Susan Dabney Smedes built this cottage in 1894. It was named for her admirer and promoter, British Prime Minister William E. Gladstone, who sponsored the publication of Smedes’ book, Memorials of a Southern Planter, in England. A biography of her father, the book was received with almost superlative expressions from the press. It was valued not only as a mirror of life before and during the “war between the States”, but as a valuable addition to the history of the Reconstruction period as well, of which so little had been written. The book had been only meant for her father’s grandchildren, but her brother Virginus, a fellow writer who also tried to capture their father on the page, urged her to give the book to the world. Gladstone had been the one to take Southern Planter overseas (another supporter being Queen Victoria herself). He was reputed to have said, “Let no man say, with this book before him, that the age of chivalry is gone, or that Thomas Dabney was not worthy to sit beside Sir Percival at the round table of King Arthur”.
After her novel’s success Susan, who had been a widow since 1890, felt the need of a permanent home among her own kind and was advised by one of her sisters to move to Sewanee. Relying on her father’s meager plantation money and her friendship with Bishop Quintard and Miss Lily Green alone, Susan and her other sister Lelia rented a house up on the hill and hosted student boarders. When the school shifted to student dormitories in 1894 the ladies decided to build. They chose the present site of the Gladstone cottage because it was secluded. When they cleared for the building of the cottage, they left nine special silver maple trees, named for the nine surviving brothers and sisters. It was said that as each one passed on, the tree that bore his or her name also died, except for Lelia and Sarah, which stood side by side as the sisters stood in life. Bishop Quintard was a frequent visitor to the cottage and often came unannounced. Sometimes he came to plant in their garden, other times he brought distinguished visitors to meet the ladies. Susan built a house next door to Gladstone Cottage in which she held classes, the children Sewanee coming to her for daily instruction. Susan lived at Gladstone until her death in 1913. Her charm, wit, and gracious hospitality to the families of Sewanee and distinguished visitors to the Mountain greatly enriched the Sewanee community. Portraits of Susan and William Gladstone have been handed down to each owner of Gladstone, as well as Burleigh (the plantation) dining room furniture. In 1928 the cottage was bought by Bishop William George McDowell. At the time he was Bishop of Alabama. The house is currently owned by Craig and Carol Stubblebine.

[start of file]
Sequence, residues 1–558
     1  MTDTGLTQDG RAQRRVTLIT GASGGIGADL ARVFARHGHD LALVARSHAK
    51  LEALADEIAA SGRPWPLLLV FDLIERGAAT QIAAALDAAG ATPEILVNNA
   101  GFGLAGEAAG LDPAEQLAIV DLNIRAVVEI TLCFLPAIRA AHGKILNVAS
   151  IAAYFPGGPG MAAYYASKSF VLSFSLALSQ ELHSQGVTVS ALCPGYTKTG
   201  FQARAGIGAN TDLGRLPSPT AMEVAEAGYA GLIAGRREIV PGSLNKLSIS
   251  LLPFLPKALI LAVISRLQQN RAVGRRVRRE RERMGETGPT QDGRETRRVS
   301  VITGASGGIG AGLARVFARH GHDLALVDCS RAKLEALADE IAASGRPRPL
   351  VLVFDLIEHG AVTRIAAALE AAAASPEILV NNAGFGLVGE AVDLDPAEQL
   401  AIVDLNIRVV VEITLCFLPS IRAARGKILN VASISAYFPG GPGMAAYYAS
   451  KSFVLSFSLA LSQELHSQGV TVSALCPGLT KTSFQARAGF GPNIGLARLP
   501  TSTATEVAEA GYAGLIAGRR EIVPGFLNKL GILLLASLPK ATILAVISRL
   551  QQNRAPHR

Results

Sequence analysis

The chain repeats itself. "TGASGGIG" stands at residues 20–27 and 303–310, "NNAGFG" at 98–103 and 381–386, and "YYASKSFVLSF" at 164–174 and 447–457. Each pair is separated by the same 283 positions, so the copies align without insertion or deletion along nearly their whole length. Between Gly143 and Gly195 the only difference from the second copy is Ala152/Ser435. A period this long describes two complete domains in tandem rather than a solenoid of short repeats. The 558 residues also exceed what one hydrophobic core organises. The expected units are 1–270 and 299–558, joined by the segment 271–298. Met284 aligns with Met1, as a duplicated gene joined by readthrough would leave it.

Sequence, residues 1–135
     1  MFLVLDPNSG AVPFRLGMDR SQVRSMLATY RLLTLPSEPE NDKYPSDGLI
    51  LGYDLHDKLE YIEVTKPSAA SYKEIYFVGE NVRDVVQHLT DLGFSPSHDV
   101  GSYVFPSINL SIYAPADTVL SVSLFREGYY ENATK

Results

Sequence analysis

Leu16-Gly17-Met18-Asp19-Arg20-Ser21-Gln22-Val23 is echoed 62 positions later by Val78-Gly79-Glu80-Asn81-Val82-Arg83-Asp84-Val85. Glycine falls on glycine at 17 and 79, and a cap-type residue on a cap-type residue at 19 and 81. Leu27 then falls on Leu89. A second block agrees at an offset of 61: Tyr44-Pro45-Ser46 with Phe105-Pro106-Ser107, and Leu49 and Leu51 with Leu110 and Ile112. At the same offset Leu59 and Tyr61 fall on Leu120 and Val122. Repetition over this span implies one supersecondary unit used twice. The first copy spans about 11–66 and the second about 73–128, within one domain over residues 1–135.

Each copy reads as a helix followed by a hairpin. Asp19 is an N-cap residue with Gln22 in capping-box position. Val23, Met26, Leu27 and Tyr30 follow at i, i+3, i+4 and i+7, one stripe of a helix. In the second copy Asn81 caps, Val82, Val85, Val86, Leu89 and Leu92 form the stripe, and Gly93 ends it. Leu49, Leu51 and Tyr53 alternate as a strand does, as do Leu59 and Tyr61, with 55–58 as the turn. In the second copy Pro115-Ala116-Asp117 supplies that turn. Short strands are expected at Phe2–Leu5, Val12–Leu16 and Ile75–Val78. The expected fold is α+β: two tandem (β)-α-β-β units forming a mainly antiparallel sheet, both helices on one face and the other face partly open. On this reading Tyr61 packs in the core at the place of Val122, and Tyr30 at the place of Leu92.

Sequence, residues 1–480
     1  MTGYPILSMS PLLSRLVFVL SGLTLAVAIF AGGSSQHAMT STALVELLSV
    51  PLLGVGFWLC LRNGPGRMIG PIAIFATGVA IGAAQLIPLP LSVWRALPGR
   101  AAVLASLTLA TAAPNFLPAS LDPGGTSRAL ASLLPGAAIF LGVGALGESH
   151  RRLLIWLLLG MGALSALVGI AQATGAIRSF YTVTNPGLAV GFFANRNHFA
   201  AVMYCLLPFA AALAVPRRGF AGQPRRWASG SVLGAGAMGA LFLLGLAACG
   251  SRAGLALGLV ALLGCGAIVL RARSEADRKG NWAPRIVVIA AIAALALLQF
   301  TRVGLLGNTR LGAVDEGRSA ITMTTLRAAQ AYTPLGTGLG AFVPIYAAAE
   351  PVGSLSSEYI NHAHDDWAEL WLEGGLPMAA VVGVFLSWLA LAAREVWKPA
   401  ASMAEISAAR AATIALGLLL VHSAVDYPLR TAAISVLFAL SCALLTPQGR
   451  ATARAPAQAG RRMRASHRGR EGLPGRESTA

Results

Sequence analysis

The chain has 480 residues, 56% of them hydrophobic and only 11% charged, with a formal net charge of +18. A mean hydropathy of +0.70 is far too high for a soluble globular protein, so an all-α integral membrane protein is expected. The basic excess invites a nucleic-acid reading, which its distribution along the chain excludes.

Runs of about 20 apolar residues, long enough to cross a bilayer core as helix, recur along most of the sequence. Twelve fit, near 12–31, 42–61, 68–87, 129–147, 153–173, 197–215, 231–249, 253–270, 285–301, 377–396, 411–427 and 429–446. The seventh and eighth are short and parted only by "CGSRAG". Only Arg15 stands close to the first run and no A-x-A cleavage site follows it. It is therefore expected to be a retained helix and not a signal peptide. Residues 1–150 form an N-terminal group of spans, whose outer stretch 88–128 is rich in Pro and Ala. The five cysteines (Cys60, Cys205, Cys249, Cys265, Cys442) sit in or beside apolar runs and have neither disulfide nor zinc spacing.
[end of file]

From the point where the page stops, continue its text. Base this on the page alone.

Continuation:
Carpenter, J. (Ed.). (2007). Sewanee Ladies. Sewanee, Tennessee: Proctor's Hall Press.
Walker, E. D. (1929). Sketch of Susan Dabney Smedes. Demopolis, Alabama.
B. Wade, personal communication, February 15, 2018